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Biochim Biophys Acta. 2014 Aug;1838(8):2026-35. doi: 10.1016/j.bbamem.2014.04.005. Epub 2014 Apr 15.

A peptide derived from the rotavirus outer capsid protein VP7 permeabilizes artificial membranes.

Author information

1
LCRB, CNRS (UMR 8015), Université Paris Descartes, F-75270 Paris, France.
2
LVMS, CNRS (UPR 3296), F-91198 Gif-sur-Yvette, France.
3
CBMN, CNRS (UMR 5248), Université Bordeaux, 33600 Pessac, France.
4
LVMS, CNRS (UPR 3296), F-91198 Gif-sur-Yvette, France. Electronic address: Jean.Lepault@vms.cnrs-gif.fr.
5
LCRB, CNRS (UMR 8015), Université Paris Descartes, F-75270 Paris, France. Electronic address: serge.bouaziz@parisdescartes.fr.

Abstract

Biological membranes represent a physical barrier that most viruses have to cross for replication. While enveloped viruses cross membranes through a well-characterized membrane fusion mechanism, non-enveloped viruses, such as rotaviruses, require the destabilization of the host cell membrane by processes that are still poorly understood. We have identified, in the C-terminal region of the rotavirus glycoprotein VP7, a peptide that was predicted to contain a membrane domain and to fold into an amphipathic α-helix. Its structure was confirmed by circular dichroism in media mimicking the hydrophobic environment of the membrane at both acidic and neutral pHs. The helical folding of the peptide was corroborated by ATR-FTIR spectroscopy, which suggested a transmembrane orientation of the peptide. The interaction of this peptide with artificial membranes and its affinity were assessed by plasmon waveguide resonance. We have found that the peptide was able to insert into membranes and permeabilize them while the native protein VP7 did not. Finally, NMR studies revealed that in a hydrophobic environment, this helix has amphipathic properties characteristic of membrane-perforating peptides. Surprisingly, its structure varies from that of its counterpart in the structure of the native protein VP7, as was determined by X-ray. All together, our results show that a peptide released from VP7 is capable of changing its conformation and destabilizing artificial membranes. Such peptides could play an important role by facilitating membrane crossing by non-enveloped viruses during cell infection.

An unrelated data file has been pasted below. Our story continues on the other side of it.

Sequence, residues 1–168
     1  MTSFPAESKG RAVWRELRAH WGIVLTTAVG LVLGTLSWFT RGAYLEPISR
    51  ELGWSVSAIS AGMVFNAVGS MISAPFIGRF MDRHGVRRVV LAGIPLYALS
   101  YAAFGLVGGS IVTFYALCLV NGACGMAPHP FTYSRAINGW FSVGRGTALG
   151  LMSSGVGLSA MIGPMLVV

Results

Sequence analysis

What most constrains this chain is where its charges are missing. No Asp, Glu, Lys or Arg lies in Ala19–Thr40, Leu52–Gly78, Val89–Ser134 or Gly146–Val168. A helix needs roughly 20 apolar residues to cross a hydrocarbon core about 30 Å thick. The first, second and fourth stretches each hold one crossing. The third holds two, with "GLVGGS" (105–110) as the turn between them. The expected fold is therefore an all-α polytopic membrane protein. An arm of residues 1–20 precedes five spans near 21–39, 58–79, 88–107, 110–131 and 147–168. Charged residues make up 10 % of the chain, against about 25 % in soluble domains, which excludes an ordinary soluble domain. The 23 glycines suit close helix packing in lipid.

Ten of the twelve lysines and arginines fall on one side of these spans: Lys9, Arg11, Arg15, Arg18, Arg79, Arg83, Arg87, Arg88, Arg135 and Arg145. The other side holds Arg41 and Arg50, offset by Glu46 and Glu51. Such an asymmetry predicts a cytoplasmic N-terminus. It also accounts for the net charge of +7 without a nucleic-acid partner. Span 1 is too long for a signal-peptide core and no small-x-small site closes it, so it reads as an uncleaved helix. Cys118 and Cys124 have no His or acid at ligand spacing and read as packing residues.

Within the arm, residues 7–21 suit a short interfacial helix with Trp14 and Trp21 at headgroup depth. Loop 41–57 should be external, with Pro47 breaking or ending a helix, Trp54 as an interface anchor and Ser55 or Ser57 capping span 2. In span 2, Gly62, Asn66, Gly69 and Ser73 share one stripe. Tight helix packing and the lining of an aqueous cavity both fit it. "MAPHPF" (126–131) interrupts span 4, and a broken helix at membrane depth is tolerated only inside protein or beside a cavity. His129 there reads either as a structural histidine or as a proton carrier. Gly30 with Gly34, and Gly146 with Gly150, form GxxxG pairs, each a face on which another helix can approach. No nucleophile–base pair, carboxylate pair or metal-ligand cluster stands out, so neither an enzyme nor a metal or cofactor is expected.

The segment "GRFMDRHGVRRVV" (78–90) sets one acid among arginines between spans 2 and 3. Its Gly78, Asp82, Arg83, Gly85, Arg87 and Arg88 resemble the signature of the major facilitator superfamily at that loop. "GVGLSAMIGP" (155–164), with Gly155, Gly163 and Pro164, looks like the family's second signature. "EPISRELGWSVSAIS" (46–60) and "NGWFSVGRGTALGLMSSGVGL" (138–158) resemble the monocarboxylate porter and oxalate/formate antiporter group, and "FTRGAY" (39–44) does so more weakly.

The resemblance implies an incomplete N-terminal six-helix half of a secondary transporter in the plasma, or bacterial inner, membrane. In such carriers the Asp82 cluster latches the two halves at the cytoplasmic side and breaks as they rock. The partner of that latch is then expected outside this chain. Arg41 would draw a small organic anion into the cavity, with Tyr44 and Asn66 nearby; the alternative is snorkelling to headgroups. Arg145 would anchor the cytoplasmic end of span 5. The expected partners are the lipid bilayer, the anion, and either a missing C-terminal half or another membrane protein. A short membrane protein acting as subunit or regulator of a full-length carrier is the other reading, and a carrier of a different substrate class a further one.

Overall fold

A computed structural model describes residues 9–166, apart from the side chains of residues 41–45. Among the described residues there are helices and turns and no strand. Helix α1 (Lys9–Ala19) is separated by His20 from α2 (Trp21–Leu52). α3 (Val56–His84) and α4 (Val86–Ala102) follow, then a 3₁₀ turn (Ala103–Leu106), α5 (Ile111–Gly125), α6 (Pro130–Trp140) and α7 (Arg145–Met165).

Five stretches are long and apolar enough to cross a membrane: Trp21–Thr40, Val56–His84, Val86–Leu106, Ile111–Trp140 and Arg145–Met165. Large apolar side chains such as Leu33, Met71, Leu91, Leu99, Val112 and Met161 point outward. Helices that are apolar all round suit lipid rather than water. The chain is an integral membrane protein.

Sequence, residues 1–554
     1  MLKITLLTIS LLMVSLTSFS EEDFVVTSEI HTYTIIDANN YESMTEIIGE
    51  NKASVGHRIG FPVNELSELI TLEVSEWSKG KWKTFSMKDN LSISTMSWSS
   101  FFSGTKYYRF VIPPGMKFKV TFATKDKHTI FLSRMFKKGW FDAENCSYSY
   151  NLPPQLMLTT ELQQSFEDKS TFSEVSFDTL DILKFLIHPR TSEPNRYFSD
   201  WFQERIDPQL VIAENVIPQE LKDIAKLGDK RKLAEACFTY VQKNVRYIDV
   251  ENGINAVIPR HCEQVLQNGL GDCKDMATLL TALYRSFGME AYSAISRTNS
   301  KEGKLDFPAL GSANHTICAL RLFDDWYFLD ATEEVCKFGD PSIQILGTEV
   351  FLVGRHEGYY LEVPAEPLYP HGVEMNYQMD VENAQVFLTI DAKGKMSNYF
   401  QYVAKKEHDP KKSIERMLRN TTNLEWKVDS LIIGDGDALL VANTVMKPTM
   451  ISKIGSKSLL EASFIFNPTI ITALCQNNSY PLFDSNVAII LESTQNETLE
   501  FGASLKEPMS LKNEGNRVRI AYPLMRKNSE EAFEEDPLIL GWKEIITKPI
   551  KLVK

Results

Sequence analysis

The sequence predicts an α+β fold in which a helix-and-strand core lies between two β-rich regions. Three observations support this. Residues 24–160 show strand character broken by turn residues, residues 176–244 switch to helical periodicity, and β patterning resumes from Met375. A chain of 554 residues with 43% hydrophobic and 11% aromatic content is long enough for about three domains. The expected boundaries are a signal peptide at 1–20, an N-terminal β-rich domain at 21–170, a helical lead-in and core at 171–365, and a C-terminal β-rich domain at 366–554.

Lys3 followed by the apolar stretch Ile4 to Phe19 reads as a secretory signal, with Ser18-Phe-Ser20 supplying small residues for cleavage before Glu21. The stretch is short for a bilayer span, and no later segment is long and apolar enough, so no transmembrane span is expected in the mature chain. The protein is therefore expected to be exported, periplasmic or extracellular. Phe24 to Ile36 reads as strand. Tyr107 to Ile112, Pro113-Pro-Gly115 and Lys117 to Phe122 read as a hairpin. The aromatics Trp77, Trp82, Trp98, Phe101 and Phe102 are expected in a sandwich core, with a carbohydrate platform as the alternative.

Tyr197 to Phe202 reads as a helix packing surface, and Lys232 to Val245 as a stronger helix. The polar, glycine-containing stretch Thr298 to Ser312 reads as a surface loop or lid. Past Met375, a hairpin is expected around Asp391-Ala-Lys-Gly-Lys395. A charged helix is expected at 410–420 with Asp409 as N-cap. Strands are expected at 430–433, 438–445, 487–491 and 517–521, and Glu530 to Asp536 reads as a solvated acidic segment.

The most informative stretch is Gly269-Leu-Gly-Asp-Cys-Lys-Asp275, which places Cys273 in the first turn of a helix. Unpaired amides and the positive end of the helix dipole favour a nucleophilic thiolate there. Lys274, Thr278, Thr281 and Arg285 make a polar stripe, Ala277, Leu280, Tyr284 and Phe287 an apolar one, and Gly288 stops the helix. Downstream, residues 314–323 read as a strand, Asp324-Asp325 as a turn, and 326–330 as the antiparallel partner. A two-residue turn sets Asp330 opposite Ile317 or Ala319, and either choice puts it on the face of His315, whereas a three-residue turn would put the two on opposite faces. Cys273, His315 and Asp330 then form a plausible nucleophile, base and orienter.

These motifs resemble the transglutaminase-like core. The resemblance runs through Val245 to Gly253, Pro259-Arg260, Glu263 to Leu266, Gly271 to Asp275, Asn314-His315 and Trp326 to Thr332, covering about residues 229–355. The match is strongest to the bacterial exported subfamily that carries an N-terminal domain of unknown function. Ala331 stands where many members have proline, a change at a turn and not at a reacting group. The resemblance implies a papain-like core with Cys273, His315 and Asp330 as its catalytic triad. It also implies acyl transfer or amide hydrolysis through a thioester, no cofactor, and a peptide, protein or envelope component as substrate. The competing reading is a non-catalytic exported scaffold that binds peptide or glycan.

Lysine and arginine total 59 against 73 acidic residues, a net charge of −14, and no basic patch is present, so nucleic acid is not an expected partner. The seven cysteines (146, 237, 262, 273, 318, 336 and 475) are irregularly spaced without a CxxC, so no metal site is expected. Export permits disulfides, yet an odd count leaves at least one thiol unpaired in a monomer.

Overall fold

KEYWORDS:

ATR-FTIR; Circular dichroism; Conformational rearrangement; Membranotropic peptide; NMR; Plasmon waveguide resonance

PMID:
24746450
DOI:
10.1016/j.bbamem.2014.04.005
[Indexed for MEDLINE]
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